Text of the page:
Fishing Report: March 26, 2021

Every Friday morning, Captain Dylan Hubbard of Hubbard's Marina joins Good Day to fill viewers in on his fishing forecast as we head into the weekend.

Here is his fishing report for March 26, 2021.


Mackerel action is going well throughout the area along the bay’s deeper flats, edges, channels, passes and along the beaches, especially fishing piers along the beach and any large structures in good moving water holding bait will have active mackerel.

The bite is always best for these guys in the early part of the day when the water is more calm and clear. However, you can go after them anytime of day. Chumming an area with some cut or whole greenbacks will concentrate and excite the mackerel and light tackle with a long shank 1ot hook free lining live white bait into that excited school or throwing those gotcha plugs through there is just incredible fun.

If you catch a handful, they make great smoked fish spread, but many enjoy them fresh on the grill or even fried. 

Pompano action picked up considerably around the area, it seems. We had a nice push of these amazing eating fish into more northern passes like John's Pass and Clearwater Pass this week while before numbers were not as strong it seemed. Doug Bryan, from St. Pete, and some of his buddies fishing John's Pass this past week with some live shrimp free lined out on an outgoing tide caught a handful of beautiful pompano along with black drum, trout, and even a big bull redfish.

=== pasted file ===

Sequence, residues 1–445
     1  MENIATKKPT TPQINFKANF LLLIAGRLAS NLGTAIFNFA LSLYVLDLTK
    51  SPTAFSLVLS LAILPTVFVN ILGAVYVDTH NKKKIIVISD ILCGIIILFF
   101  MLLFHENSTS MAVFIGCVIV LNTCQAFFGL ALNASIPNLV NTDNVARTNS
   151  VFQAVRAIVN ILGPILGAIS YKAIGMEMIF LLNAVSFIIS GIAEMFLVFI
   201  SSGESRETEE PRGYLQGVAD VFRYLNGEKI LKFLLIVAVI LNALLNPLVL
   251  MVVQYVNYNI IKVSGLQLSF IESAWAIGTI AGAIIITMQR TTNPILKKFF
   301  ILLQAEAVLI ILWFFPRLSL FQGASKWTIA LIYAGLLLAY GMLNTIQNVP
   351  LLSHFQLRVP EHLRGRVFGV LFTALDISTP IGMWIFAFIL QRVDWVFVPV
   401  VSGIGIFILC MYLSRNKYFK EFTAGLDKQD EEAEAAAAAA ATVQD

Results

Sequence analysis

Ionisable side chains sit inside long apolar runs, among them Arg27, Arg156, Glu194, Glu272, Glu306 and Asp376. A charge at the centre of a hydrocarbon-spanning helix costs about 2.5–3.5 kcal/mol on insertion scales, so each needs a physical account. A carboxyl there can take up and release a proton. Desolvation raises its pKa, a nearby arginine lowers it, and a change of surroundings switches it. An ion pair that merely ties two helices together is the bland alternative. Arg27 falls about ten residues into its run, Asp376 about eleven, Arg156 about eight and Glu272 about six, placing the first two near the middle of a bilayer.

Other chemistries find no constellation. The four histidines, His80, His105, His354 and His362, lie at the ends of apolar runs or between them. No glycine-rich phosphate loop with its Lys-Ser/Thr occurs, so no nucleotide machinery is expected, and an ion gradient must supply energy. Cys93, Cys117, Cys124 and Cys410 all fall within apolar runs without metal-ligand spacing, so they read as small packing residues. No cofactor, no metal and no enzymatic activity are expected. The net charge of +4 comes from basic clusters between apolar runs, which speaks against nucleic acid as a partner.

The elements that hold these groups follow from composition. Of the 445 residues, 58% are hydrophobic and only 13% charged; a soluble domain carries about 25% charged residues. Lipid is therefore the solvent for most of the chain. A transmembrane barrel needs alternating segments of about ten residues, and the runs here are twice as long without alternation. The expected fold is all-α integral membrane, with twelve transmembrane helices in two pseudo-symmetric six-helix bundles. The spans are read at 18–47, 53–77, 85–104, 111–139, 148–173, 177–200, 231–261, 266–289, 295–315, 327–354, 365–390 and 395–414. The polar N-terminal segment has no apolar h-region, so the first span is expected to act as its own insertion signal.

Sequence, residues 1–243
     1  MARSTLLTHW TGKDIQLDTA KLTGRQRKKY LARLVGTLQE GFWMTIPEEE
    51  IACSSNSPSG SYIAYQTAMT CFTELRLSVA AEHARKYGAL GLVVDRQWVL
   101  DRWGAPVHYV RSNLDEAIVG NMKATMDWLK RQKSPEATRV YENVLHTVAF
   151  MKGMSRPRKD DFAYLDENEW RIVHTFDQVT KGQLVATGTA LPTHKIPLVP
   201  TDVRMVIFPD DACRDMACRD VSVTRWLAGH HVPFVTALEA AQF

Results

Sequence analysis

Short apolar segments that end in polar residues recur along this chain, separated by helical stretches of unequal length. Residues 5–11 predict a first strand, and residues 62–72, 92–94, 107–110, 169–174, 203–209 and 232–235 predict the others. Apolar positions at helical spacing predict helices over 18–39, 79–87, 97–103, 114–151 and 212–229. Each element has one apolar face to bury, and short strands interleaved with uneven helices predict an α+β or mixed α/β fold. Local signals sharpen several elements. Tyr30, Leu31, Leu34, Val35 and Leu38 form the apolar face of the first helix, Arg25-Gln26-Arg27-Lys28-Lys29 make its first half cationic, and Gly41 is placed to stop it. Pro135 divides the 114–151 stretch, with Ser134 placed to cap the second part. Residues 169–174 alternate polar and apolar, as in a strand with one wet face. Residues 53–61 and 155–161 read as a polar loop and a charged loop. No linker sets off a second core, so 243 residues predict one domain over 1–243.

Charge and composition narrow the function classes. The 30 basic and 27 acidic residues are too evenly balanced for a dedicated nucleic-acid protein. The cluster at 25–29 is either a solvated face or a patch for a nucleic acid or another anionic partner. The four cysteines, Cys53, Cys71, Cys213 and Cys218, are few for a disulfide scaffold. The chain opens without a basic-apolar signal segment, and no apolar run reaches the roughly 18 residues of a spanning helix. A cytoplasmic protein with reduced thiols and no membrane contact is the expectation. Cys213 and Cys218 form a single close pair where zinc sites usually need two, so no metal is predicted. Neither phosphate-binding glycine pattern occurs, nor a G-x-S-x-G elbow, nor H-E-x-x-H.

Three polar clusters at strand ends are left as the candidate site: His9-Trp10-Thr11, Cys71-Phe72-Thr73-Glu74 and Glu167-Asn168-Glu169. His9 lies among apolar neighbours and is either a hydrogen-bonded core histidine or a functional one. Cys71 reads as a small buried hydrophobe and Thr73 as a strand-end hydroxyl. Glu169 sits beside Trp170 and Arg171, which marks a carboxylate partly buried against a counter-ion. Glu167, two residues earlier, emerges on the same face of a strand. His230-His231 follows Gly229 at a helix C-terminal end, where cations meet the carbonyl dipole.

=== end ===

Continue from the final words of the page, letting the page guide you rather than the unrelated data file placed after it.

Pompano caught inshore (Courtesy: Captain Dylan Hubbard)

Similar stories from Clearwater to Anna Maria seem to be the norm when that bite is on.

Those pompano are looking for crustaceans along the sandy bottom like sand fleas, crabs, or shrimp. That is why the pompano jigs work so well to get 'em chewing. It is all about that little puff of sand that leaded jig makes when its bouncing along the bottom. It gets their attention, and they think it is a sandflea diving for cover and they just cannot help but to react. Therefore, when working those jigs, you want to keep it right on and along the bottom not retrieving but just bouncing it along the sandy bottom and edges while only retrieving slack.